High Court condemns conduct of Victorian police and barrister who informed on her client

AB (a pseudonym) v CD (a pseudonym); EF (a pseudonym) v CD (a pseudonym) [2018] HCA 58

The High Court of Australia demonstrated its reluctance to uphold entitlements to confidentiality and privilege where there are egregious breaches of one’s right to a fair trial and legal professional privilege. The main issue before the High Court was between Victoria’s Director of Public Prosecutions (DPP), who wanted to disclose information discovered by Victoria’s anti-corruption commission, and the Chief Commissioner of Victoria Police (Police Commissioner), who opposed disclosure because of security risks to a police informant (EF) who was simultaneously acting as a defence barrister for Tony Mokbel and six of his criminal associates (Mokbel and Associates).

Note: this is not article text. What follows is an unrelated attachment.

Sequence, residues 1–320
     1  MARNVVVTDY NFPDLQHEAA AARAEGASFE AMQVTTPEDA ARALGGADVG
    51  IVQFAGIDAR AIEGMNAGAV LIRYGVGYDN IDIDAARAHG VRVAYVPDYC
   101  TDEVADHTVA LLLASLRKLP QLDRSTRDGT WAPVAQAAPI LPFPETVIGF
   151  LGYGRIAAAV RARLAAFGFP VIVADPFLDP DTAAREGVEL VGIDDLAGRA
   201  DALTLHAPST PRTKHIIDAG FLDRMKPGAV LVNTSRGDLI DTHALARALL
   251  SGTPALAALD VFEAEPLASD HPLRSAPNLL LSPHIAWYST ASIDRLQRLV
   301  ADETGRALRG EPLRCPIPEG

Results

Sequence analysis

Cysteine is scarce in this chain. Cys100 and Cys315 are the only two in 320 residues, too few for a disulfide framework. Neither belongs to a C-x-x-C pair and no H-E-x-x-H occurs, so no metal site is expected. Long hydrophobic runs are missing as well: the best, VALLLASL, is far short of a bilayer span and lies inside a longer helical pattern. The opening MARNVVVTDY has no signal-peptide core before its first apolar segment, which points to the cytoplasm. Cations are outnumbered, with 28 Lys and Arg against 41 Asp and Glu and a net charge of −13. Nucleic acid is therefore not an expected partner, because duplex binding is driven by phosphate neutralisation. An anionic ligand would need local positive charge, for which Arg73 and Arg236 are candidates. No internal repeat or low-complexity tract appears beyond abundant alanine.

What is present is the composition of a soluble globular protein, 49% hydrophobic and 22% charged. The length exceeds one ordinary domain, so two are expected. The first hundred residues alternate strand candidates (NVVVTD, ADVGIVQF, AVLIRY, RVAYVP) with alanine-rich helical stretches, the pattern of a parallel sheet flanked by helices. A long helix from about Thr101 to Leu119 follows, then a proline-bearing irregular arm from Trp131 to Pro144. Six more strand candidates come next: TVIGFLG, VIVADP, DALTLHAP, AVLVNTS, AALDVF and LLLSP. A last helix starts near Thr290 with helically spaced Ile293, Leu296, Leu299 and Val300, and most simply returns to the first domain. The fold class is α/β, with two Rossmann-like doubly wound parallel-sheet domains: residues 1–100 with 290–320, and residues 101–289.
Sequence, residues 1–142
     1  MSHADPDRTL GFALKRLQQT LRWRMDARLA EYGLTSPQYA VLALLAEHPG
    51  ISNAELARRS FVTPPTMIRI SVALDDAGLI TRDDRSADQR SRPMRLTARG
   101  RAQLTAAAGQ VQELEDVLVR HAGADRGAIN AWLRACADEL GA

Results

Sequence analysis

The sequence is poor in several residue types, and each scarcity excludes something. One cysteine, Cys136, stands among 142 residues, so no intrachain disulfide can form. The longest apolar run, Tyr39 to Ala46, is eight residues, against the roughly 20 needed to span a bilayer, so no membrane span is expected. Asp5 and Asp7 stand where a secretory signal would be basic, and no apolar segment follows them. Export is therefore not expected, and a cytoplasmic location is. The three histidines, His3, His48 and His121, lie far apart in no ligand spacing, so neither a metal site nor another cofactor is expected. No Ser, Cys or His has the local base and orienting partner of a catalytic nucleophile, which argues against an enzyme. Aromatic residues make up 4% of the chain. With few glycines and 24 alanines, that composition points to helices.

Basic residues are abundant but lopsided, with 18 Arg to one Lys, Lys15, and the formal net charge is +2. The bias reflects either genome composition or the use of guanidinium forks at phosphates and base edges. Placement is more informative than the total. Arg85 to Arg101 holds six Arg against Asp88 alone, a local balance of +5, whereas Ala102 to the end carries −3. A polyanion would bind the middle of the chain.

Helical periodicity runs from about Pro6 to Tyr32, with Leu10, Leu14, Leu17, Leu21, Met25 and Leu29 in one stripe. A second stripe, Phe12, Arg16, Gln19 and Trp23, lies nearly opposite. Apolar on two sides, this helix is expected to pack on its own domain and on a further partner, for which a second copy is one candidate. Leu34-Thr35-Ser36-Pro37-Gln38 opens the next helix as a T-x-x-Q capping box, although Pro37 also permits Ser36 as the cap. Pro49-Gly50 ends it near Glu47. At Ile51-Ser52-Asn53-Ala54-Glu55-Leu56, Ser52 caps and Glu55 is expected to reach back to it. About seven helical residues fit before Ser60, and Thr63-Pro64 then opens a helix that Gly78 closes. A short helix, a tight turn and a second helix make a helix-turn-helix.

The High Court found in favour of disclosure, holding that EF’s actions were “fundamental and appalling breaches of [her] obligations as counsel to her clients and of her duties to the court”. The Court also described the actions of Victoria Police as “reprehensible conduct in knowingly encouraging her” and “atrocious breaches of the sworn duties imposed on every police officer”.

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